Professor and Alum Argue Fifth Amendment Case in Supreme Court
Derek Schmidt (L’96) and Professor Neal Katyal argued on opposing sides in the Supreme Court case Kansas v. Cheever, heard by the Court on October 16.
October 16, 2013 — Visitors to the Supreme Court on October 16 got to see two Georgetown Law powerhouses in action.
Derek Schmidt (L’96), the attorney general of Kansas, argued for the state in Kansas v. Cheever, followed by Professor Neal Katyal on behalf of Scott Cheever.
The case addresses the scope of the Fifth Amendment privilege against self-incrimination, asking whether the use of Cheever’s court-ordered mental evaluation violates the privilege when it is introduced to rebut the defendant’s evidence that he lacked the mental state to commit capital murder.
Schmidt, as the attorney general of Kansas, argued that Cheever waived his Fifth Amendment privilege when he raised a defense relating to his mental status. Cheever introduced expert testimony at trial that he lacked the requisite mental state to commit capital murder.
Yet Katyal, the former acting solicitor general who is also an attorney at Hogan Lovells, asserted that Cheever did not waive the privilege by introducing expert testimony about his mental state. Alternatively, Katyal argued that even if there was a waiver, the government’s expert exceeded it, suggesting that Cheever had a bad character and a personality disorder, according to the brief. “No waiver justified that testimony,” Katyal wrote in the brief. “It therefore violated the Fifth Amendment.”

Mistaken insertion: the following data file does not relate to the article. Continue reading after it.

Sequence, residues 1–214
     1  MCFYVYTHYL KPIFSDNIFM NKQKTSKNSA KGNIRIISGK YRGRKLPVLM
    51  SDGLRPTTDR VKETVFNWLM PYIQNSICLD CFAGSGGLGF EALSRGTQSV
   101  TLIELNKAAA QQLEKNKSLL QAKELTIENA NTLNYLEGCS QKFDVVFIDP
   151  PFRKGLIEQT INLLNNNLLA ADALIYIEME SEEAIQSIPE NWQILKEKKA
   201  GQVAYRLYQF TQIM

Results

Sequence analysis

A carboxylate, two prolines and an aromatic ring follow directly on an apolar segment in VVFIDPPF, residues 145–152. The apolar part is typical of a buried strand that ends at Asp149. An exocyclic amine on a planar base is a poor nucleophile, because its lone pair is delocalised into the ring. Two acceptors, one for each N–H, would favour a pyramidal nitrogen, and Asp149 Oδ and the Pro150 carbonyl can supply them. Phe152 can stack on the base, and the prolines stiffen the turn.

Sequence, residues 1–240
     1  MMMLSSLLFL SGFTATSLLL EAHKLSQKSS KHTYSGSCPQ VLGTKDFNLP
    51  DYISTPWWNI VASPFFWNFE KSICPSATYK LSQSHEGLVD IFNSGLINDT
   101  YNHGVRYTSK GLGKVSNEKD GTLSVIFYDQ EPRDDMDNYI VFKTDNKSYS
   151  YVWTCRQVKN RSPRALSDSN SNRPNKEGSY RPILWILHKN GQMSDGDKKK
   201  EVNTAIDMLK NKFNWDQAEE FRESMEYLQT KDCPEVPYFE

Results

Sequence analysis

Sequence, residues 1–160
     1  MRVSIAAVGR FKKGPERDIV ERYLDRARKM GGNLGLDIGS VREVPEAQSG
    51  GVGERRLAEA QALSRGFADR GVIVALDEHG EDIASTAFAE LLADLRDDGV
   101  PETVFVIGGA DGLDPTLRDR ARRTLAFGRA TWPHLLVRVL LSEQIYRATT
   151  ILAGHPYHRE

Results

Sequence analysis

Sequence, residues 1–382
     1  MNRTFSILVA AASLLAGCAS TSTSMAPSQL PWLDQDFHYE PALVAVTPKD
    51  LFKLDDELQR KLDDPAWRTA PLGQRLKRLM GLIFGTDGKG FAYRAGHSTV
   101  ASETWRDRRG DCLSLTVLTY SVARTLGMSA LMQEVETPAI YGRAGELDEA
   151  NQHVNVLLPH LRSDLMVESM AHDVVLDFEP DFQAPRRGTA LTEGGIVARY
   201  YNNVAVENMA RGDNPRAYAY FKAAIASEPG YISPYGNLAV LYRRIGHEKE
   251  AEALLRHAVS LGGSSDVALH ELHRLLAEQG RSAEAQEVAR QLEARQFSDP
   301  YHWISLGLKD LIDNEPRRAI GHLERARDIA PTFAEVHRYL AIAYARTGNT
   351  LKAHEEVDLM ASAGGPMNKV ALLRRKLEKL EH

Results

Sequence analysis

It was Katyal’s 18th oral argument before the Court; he is slated to argue four more this term, which will bring the total to 22. He mooted the case at the Law Center's Supreme Court Institute on Friday, October 11; Visiting Professor Jessica Clark’s 1L Legal Research and Writing class also attended.
Paulette Miniter (L'16) said the moot broadened her thinking about the Fifth Amendment. “It also provided valuable insight into the high level of analysis, strategy and preparation that Supreme Court advocacy entails,” she said.
After seeing the moot, Matthew Lachman (L'16) went to the Supreme Court to witness the real thing. "It was fascinating to see which lines of questioning the moot justices were able to predict, and what refinements Professor Katyal made in his argument," he said.
Katyal, the Paul and Patricia Saunders Professor of National Security Law, teaches Constitutional Law, Criminal Law, and Intellectual Property. (For a full biography, click here.)
Schmidt was elected to the Kansas Senate in 2000 and served until 2011, when he took office as attorney general. A native of Independence, Schmidt graduated from Kansas University and put himself through law school at Georgetown while working for former U.S. Senator Nancy Landon Kassebaum, R-Kan.
For a transcript of the oral argument, click here.